In Richardson, the Supreme Court held that prison guards employed by a large, for-profit multistate private prison management company that had contracted with the state to manage the prison were not entitled to qualified immunity in a prisoner’s § 1983 action against them. In deciding not to extend qualified immunity to the privately-employed guards, the Supreme Court looked at the history and purposes of qualified immunity. It first concluded that while prisons had historically been run by both public and private state actors, no firmly rooted tradition of immunity for private prison guards had developed around the time § 1983 was adopted in the late Nineteenth Century. It next looked at the purposes behind qualified immunity, which it noted were (1) protecting against unwarranted timidity on the part of government officials, (2) ensuring that talented candidates are not deterred from entering public service, and (3) preventing the distraction of governmental officials by lawsuits. It concluded that none of these purposes mandated qualified immunity for the guards because the problem of unwarranted timidity would be overcome by ordinary market forces as private firms vied to provide the contractual services, because the flexibility of privatization could provide higher pay and benefits and insurance and indemnification to reduce the deterrence factor, and because the distraction of litigation was alone insufficient to justify qualified immunity. 521 U.S. at 409-12.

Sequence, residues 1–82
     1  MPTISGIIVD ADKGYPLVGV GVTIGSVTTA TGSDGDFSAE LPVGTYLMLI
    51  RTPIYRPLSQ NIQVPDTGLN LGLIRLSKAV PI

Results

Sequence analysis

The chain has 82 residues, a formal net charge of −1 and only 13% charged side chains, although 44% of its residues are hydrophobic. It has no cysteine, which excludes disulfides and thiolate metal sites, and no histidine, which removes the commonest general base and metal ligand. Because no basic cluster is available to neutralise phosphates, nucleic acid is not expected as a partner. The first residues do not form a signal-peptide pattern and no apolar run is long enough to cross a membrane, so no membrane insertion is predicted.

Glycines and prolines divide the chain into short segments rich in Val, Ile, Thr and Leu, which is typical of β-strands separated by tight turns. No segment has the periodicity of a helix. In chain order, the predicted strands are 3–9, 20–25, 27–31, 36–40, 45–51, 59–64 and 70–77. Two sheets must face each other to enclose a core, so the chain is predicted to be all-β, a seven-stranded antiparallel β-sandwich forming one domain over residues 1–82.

In reliance on Richardson, the Ninth Circuit, in Jensen v. Lane County, 222 F.3d 570 (9th Cir.2000), subsequently held that a psychiatrist, who was affiliated with a private psychiatric group that contracted with a county facility to provide mental health care, was not entitled to qualified immunity in a § 1983 action by a prisoner whose detention was temporarily extended by the psychiatrist for a mental health evaluation. The Ninth Circuit, noting that the case was similar enough to Richardson to warrant using its rationale, concluded there was no definitive common law history of immunity that would support a finding of qualified immunity under the circumstances of the case, and that the same market forces and privatization flexibility contemplated in Richardson overcame the timidity and deterrence factors because the private psychiatric group that employed the defendant “must provide psychiatric services for the County with the market threat of replacement for failure to complete [its] duties adequately” and because “the potential for insurance, indemnification agreements, and higher pay all may operate to encourage qualified candidates to engage in this endeavor and to discharge their duties vigorously.” 222 F.3d at 578.